Health & Wellness

4 Natural Ways to Prevent Insomnia

By Aimee McNew

Sleep problems are common. So common that 25 percent of all Americans deal with insomnia every year—but only 75 percent of them naturally recover. One-fourth of those who battle sleep issues will face recurring problems.

Without sleep, the entire body suffers. Mental alertness declines, stress levels go up, health goes down. The immune system can be suppressed and mental health takes a hit. Even thyroid health and overall metabolism can slow, resulting in weight gain that is hard to lose. Without sleep, it’s nearly impossible to be a healthy or happy person.

Prescription sleep aids account for a very small slice of medications being used by adults to treat insomnia—less than 2 percent among adults ages 20 to 39, and increasing to just 7 percent in adults over age 80. This could partially be due to the fact that there are other ways to address trouble falling asleep, depending on what’s causing it, and partly because pharmaceutical sleep aids often come with potent side effects.

What Causes Insomnia?

Sleep disorders are common, but the underlying reasons can be highly individual. Hormone imbalance, thyroid problems, stress, anxiety, depression, or other physical disorders can all interfere with sleep.

Neurotransmitters and stress hormones can also disturb the internal body clock, also known as the circadian rhythm, which can result in being unable to fall asleep at night, yet being too tired during the day. Not all sleep aids can solve these underlying issues, and at best, they mask symptoms and don’t address root causes.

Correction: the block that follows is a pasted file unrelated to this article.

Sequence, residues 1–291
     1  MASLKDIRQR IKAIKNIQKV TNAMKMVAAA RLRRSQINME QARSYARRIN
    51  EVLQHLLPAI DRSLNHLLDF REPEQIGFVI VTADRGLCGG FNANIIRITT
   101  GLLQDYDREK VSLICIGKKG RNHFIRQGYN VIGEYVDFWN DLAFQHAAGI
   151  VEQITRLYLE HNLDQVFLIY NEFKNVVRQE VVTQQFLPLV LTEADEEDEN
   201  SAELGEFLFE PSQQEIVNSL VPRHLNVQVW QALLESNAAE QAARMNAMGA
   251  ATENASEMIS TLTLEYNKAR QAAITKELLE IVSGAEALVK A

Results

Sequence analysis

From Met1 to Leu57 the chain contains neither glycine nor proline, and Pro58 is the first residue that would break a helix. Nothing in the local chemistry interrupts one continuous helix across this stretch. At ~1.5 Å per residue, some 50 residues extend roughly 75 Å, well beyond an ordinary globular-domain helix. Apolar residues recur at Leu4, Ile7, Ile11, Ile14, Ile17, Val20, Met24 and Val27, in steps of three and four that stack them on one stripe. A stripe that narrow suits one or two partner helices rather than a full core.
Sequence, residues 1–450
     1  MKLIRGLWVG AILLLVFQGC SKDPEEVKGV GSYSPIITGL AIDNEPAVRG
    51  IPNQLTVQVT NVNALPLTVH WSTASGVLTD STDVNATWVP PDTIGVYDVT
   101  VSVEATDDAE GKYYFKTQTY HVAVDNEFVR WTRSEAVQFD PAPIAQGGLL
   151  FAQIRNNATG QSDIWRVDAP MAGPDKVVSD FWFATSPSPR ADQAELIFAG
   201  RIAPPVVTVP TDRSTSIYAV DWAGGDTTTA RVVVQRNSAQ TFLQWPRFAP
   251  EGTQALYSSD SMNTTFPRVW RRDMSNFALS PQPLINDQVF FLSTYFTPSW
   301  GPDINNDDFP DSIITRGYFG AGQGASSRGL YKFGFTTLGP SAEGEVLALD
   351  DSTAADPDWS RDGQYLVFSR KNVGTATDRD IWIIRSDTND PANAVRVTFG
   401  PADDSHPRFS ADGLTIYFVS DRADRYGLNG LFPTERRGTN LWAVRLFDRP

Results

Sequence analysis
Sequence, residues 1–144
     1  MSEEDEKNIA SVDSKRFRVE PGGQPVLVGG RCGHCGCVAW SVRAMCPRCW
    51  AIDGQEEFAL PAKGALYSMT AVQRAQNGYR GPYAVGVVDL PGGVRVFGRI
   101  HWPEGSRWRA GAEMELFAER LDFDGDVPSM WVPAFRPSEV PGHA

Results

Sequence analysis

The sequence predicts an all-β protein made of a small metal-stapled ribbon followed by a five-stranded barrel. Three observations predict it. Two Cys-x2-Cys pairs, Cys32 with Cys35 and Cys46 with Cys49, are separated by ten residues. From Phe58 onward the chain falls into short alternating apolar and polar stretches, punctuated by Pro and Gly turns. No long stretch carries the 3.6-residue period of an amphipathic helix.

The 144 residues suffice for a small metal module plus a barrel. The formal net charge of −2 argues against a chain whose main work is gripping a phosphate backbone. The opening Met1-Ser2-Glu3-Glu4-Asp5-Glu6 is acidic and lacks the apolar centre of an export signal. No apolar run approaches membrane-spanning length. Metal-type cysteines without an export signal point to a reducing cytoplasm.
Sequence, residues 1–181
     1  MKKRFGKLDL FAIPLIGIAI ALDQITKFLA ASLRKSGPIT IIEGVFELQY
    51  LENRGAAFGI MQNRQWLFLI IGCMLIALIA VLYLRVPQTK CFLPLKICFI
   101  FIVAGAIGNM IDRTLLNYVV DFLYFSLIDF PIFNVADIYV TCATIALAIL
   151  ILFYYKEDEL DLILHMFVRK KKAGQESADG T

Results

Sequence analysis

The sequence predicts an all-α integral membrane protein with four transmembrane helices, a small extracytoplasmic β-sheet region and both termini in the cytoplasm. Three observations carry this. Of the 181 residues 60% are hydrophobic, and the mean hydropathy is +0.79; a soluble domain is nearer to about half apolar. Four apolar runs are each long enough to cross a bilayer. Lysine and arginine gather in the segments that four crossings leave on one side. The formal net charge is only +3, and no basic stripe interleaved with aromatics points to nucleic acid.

In order to get to the bottom of someone’s sleep patterns, underlying causes need to be identified. Once that has happened, there are numerous natural remedies that can help people with insomnia and address the specific triggers for sleep disorders. Anxiety and depression, for example, can lead to racing thoughts or a restless mind that makes it hard to fall asleep. Thyroid disorders can lead to chronic tiredness and plenty of sleep that doesn’t produce restful feelings. Hormone imbalances or changes, like PMS or menopause, can result in frequent wake-ups because of how the liver is involved in hormone metabolism.

Instead of taking a one-size-fits-all sleeping pill, look to address the individual triggers for sleep issues.

4 Natural Ways to Address Sleep Problems

Sometimes the solution to a sleep disorder isn’t taking something to force sleep, but rather, using a remedy to resolve the aspects of health that are preventing sleep in the first place.

Magnesium

While calcium gets most of the mineral attention in the body, magnesium is just as vital and is required for hundreds of chemical reactions throughout the body. While it is abundantly found in food sources, most still fall short in this critical nutrient. Without enough magnesium, muscles may be tense and the mind may be restless, resulting in problems relaxing or staying asleep.